Tag Archives: expectations

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response time

Response Time Expectations and How to Manage Them

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Perception is reality. At least that is what we are often told. It is true, what people expect or perceive is what they measure against. Internally and externally, response time expectations condition satisfaction. Are you managing them or are they managing you?

Perceptions of Response

What are your expectations for response time? It is often a critical measurement. People evaluate and judge your acceptance or not by response time.

When will the wait staff realize I need a refill of my iced tea?

How many rings until someone answers the telephone?

How long do I wait while on hold?

When I send an email how long until I get a response?

How quickly can emergency responders get to my area?

This webpage takes forever to load.

Where is my pizza?

How long until the medicine starts to work?

When will the eBay seller ship?

What time will dinner be ready?

There is an important question to ask about all of these scenarios, “What are your expectations?”

Response Time

We can go through a McDonald’s drive through lane quickly, especially once our order has been placed. The pizza delivery guy is only minutes away after the pizza leaves the oven. The on-line merchandise order is typically less than two days away, and shipping is advertised as free.

Patience may be important for the recipient but it is still based entirely on expectations. Those expectations often develop from past experiences. Fortunately, or unfortunately, those past experiences are working for or against your perceived level of service.

Today expectations are shorter, faster, or quicker than ever before. We can get a loan for very little cost, very fast. Our pizza can be hot and ready, just stop in the store. Our burger is fewer than ninety seconds away, and researching to find answers to our questions are at our fingertips in under a minute.

Managing Expectations

How does the service provider manage expectations? Typically, information will help manage expectations. It may be the notification on the technical support line of the number we represent in the queue. The same is true for the help chat.

The pizza shop will often tell us the wait time when placing an order by phone and we expect the medicine to work in just minutes.

It still remains a two-way street. Push the employee, vendor, or service provider too hard, and you’ll likely find errors or rework is necessary. While you often measure with response time, perhaps patience is another metric to consider. It is the push and pull of quality and problem resolution.

Expected Wait Time

People wait for hours in line to get the new iPhone. They tailgate at the big game for more than triple the time the game is actually played.

Not so long ago a mail order businesses (today’s dot com) once shipped in 30 days, or call from a friend or relative only happened when they had access to a landline telephone.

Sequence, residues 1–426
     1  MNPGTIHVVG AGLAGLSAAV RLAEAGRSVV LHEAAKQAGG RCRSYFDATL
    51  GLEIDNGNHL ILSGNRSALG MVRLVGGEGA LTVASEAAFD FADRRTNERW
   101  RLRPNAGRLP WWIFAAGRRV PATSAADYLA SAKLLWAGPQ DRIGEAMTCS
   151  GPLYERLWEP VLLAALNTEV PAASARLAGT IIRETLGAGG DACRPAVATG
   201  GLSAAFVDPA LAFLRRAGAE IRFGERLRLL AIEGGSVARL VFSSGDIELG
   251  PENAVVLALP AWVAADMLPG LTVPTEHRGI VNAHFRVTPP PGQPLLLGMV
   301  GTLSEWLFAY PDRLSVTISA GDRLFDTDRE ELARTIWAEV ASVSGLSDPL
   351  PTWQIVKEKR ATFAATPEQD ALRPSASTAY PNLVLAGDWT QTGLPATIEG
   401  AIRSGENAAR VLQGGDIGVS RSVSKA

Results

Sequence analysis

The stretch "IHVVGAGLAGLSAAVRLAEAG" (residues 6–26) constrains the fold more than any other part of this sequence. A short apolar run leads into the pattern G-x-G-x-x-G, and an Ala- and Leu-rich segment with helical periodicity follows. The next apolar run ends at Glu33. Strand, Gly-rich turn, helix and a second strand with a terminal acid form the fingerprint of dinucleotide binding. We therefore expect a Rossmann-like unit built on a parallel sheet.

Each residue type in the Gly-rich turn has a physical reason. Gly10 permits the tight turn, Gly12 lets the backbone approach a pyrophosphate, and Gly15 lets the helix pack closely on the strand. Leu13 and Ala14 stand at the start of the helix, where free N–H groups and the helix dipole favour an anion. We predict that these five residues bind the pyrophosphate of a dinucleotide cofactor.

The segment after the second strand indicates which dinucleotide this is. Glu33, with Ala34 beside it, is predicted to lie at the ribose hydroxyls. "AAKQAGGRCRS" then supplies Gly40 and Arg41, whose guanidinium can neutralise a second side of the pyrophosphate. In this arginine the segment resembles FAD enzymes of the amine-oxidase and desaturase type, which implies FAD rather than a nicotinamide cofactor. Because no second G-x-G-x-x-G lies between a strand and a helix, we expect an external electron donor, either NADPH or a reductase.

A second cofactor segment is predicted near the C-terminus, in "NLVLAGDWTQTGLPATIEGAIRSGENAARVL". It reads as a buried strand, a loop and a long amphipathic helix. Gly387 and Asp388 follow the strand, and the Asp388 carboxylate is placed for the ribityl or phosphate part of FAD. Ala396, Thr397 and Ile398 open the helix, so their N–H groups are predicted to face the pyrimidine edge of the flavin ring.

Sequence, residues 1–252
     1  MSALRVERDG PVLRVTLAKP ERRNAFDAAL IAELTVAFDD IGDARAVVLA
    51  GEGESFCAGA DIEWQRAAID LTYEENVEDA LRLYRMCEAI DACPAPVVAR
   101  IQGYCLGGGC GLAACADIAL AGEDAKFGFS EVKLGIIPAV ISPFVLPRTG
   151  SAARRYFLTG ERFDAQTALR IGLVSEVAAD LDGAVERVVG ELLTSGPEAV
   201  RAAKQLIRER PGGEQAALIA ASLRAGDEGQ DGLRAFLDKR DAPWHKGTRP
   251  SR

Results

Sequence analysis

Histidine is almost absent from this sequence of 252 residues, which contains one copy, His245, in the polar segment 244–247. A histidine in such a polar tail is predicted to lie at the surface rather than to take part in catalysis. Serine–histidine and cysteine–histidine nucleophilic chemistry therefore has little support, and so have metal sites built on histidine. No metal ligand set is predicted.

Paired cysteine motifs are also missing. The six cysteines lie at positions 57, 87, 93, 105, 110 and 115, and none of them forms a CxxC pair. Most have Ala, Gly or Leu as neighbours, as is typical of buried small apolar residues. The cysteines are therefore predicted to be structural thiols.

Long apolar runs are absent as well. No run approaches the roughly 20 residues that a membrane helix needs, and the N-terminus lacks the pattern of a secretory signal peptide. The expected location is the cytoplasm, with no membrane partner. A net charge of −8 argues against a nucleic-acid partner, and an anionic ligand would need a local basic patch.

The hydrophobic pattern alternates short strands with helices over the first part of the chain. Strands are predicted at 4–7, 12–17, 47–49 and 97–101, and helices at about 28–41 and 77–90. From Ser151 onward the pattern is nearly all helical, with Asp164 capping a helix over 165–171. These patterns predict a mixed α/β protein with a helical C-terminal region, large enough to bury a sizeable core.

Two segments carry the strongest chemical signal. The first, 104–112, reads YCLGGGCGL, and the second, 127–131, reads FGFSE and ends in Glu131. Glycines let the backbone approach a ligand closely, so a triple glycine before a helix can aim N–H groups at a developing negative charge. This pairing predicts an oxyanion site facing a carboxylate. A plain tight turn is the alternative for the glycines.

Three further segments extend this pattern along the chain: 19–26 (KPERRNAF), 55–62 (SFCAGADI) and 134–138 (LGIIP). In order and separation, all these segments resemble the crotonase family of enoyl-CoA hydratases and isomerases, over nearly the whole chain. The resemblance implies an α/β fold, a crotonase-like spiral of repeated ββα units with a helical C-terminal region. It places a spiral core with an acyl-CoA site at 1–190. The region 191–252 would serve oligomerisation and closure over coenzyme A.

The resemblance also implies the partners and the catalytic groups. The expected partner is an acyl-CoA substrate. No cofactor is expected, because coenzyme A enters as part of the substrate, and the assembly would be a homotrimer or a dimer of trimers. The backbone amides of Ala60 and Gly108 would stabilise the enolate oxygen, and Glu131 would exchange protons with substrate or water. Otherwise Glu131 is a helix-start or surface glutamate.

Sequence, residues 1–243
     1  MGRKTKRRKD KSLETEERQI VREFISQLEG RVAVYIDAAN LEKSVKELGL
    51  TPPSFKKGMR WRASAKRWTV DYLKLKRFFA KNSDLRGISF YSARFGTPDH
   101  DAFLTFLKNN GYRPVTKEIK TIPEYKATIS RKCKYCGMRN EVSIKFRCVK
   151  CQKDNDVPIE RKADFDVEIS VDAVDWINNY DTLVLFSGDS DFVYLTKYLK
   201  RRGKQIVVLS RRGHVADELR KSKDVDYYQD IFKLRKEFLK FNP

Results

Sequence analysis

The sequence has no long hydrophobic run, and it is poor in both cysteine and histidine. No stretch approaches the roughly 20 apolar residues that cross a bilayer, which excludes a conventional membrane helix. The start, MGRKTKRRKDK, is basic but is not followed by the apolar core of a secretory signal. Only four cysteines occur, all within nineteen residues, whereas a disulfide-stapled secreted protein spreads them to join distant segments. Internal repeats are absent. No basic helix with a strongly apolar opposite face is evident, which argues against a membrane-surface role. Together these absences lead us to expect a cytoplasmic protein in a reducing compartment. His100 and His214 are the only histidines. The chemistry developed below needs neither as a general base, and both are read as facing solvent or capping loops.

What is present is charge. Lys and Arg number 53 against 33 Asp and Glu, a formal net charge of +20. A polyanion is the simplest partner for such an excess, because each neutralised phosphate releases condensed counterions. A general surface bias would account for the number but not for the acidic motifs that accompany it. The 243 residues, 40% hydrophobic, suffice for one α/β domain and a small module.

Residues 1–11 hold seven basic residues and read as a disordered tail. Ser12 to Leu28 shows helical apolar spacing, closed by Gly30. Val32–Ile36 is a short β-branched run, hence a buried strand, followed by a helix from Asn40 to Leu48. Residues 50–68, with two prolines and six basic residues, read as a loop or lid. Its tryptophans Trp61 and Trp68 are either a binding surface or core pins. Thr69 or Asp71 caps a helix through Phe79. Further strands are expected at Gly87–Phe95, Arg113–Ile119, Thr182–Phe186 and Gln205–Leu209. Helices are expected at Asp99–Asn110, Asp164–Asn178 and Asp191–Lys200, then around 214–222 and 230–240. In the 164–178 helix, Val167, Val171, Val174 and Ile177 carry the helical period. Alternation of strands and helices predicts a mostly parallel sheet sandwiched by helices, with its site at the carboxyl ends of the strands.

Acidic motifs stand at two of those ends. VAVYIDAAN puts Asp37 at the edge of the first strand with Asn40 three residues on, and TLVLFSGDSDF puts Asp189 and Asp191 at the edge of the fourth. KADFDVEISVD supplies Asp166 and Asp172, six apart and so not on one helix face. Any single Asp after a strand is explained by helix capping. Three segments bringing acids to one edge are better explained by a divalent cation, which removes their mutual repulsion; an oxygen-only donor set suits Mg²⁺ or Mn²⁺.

When we expect an immediate response we may have to remind ourselves about our expectations. We may have to consider our patience, which often allows for better quality. A fix it once correctly is better than a fix it wrong or part of the way for two or three tries.

Information is Key

Keep communicating. Respond to email, text messages, or telephone calls. Provide updates, status reports, and historical data.

Expectations are guided by perception, perception becomes reality, it is all based on past experiences and information. When in doubt, practice patience, it matters.

Do you want to be a step ahead of the competition? Find ways to do your best work faster, it is what everyone expects.

– DEG

Dennis E. Gilbert is a business consultant, speaker (CSPTM), and corporate trainer that specializes in helping businesses and individuals accelerate their leadership, their team, and their success. He is a five-time author and some of his work includes, #CustServ The Customer Service Culture, and Forgotten Respect, Navigating A Multigenerational Workforce. Reach him through his website at Dennis-Gilbert.com or by calling +1 646.546.5553.

Dennis Gilbert on Google+


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expectations control

Expectations Control Your Future

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Several times recently, I’ve chatted with friends and clients about expectations. Expectations really condition the feeling that we have about an outcome. Do expectations control your future?

Future Expectations

When we embark on something new, sometimes our expectations are high, the new restaurant, the new digital device, or even the new job. We often expect a lot.

Social media is an interesting example. Many people grab their phone, tap an icon and expect to be engaged by a post from a life they aren’t living. They may be looking to live vicariously.

However, social media just like many things in life do not always meet or exceed our expectations. Sometimes, or often, it is something less.